Here's the chorus of our hibernation song, with the rest of the words below, so you can sing it at home!

Hibernation. Time for Hibernation.
Hibernation. Time to go to sleep.

In the winter where's the bear?
Sleeping in its log or lair.
Where's the bear? Log or lair. OH!
(chorus)

In the winter where's the frog?
Sleeping by a pond or log.
Where's the frog? In the log. OH!
(chorus)

In the winter where's the snake?
In the mud beside the lake.
Where's the snake? Beside the lake. OH!
(chorus)

In the winter where's the bat?
In a cave is where it's at!
Where's the bat? Cave it's at. OH!
(chorus)

In the winter where’s the skunk?
Underneath a fallen trunk.
Where's the skunk? Fallen trunk. OH!
(chorus)

In the winter where’s the mouse?
Sleeping in his cozy house.
Where's the mouse? Cozy house. OH!
(chorus)
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Hoooot!

Whooo doesn't love to read stories about owls? This week we read three! Owlet's First Flight by Mitra Modarressi told of a baby owl's adventures the first time he flew alone. Little Owl's Night by Divya Srinivasan was another nighttime story of Owl's animal friends and their nocturnal activities. Finally, Hoot by Jane Hissey was about a toy owl who woke up her stuffed animal friends when she needed help with a serious problem.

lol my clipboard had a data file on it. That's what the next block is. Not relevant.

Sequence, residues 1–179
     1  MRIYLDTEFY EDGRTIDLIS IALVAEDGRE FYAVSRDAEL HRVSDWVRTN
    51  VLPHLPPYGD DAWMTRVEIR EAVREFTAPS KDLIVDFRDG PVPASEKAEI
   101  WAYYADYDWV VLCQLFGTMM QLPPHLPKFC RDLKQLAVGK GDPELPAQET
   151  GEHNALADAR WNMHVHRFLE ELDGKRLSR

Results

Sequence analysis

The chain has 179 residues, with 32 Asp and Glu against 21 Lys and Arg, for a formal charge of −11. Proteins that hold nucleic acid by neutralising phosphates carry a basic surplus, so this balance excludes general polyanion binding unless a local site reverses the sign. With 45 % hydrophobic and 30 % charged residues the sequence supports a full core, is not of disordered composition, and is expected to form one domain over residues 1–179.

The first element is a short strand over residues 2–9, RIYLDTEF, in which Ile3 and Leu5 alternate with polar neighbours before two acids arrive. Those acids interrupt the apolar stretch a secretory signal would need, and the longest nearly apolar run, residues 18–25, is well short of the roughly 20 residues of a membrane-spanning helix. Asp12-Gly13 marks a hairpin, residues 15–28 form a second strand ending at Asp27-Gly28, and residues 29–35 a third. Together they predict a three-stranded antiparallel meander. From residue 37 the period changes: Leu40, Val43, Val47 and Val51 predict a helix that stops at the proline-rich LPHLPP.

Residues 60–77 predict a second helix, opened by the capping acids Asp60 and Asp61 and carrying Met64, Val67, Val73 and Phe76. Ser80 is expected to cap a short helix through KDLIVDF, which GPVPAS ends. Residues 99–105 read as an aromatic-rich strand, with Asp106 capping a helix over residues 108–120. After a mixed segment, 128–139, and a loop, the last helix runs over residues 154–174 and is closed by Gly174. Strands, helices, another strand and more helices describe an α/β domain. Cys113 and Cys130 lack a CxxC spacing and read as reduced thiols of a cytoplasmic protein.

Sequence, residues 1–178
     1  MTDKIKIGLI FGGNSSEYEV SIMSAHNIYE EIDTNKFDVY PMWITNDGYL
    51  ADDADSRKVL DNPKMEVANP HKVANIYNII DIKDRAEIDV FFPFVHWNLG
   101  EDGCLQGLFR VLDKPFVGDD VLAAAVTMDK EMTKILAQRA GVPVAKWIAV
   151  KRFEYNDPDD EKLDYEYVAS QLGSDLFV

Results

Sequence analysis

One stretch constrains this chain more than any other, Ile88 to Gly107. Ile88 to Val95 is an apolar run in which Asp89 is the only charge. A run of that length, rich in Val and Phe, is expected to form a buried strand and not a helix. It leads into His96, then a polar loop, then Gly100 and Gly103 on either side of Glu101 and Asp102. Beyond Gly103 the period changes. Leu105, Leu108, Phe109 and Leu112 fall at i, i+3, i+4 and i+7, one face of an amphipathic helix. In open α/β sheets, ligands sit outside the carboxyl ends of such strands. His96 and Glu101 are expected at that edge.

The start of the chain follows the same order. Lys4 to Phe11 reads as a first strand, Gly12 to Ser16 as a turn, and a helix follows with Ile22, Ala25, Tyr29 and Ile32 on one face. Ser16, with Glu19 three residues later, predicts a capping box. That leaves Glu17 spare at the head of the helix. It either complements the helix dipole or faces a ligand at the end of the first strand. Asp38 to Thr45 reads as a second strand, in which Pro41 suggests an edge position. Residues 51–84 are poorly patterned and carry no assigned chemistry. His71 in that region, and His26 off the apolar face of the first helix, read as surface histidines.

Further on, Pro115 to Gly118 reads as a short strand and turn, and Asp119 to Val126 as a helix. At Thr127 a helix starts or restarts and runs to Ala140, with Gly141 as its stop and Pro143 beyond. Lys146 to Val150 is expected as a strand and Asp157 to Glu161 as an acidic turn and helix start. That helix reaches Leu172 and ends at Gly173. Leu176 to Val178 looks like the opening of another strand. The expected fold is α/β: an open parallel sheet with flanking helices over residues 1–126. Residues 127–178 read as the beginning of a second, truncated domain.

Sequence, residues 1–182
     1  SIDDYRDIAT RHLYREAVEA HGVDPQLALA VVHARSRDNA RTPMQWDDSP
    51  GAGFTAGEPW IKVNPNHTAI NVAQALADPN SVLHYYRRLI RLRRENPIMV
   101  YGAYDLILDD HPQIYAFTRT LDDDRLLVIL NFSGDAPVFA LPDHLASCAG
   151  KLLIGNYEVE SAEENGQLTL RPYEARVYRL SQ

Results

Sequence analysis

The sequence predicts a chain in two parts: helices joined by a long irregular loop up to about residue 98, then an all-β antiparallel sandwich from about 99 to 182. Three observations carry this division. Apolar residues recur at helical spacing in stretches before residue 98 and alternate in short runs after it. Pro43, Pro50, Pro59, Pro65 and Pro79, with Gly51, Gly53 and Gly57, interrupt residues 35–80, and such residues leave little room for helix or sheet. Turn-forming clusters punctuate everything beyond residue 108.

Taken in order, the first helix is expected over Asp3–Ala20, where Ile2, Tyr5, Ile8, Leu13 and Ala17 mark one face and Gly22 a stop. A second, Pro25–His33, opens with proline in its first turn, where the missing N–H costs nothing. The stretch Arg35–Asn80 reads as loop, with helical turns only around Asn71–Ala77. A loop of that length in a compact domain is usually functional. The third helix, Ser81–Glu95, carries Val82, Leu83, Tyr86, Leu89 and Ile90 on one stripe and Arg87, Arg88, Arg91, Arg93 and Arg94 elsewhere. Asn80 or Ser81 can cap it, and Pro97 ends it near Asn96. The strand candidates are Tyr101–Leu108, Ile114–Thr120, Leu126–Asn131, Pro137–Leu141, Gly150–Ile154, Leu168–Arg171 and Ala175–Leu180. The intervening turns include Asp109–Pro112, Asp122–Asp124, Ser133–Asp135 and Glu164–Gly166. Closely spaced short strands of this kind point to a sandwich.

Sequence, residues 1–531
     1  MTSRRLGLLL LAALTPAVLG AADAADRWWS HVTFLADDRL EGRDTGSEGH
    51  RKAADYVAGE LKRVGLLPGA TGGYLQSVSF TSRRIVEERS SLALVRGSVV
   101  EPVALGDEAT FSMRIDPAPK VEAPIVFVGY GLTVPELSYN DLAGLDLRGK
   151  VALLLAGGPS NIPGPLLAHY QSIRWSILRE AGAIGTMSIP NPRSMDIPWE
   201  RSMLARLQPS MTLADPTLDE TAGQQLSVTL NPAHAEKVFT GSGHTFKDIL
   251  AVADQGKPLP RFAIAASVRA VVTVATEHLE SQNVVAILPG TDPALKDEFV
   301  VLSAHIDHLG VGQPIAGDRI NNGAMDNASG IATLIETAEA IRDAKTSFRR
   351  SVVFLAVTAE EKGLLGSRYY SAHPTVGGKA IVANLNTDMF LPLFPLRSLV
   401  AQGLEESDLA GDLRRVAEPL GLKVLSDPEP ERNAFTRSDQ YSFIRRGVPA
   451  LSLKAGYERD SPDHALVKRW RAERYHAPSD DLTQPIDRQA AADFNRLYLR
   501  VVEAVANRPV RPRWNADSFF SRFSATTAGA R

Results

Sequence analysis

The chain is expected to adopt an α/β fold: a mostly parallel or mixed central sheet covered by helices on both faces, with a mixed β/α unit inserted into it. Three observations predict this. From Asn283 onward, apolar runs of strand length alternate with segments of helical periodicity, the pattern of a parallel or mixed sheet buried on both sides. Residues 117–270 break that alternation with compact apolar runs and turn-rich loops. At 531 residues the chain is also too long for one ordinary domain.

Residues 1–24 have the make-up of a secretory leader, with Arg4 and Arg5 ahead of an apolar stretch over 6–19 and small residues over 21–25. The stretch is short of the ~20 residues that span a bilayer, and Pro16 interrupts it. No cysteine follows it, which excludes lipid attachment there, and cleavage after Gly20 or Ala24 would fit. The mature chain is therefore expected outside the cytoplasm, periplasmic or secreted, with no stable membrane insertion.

We made paper bag owls with big cupcake liner eyes! Beak, wings, and ears were glued on and feathers were added with crayon. A spontaneous parade began with owls flying through the library and hooting!
Whooo had fun at the library today? We all did!

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NHCS After-School Program - at the GNL


Yesterday the library welcomed 15 third, fourth, and fifth graders from New Hampton Community School's Project Promise after-school program. Under the direction of NHCS teachers Miss Markey and Mr. McCann, these students have chosen to come to the Gordon-Nash on Wednesdays for the next few weeks to borrow books and find out more about the library and what we have to offer our young patrons.

Students had a tour of the library, then listened to The Incredible Book-Eating Boy, a story by Irish author/illustrator Oliver Jeffers. At the craft tables, they designed their own bookmarks to use for the books they borrowed and brought back to school to read in the coming week.

It was wonderful to have so many well-behaved and eager "big kids" in the library all at once. We're looking forward to seeing them again next Wednesday!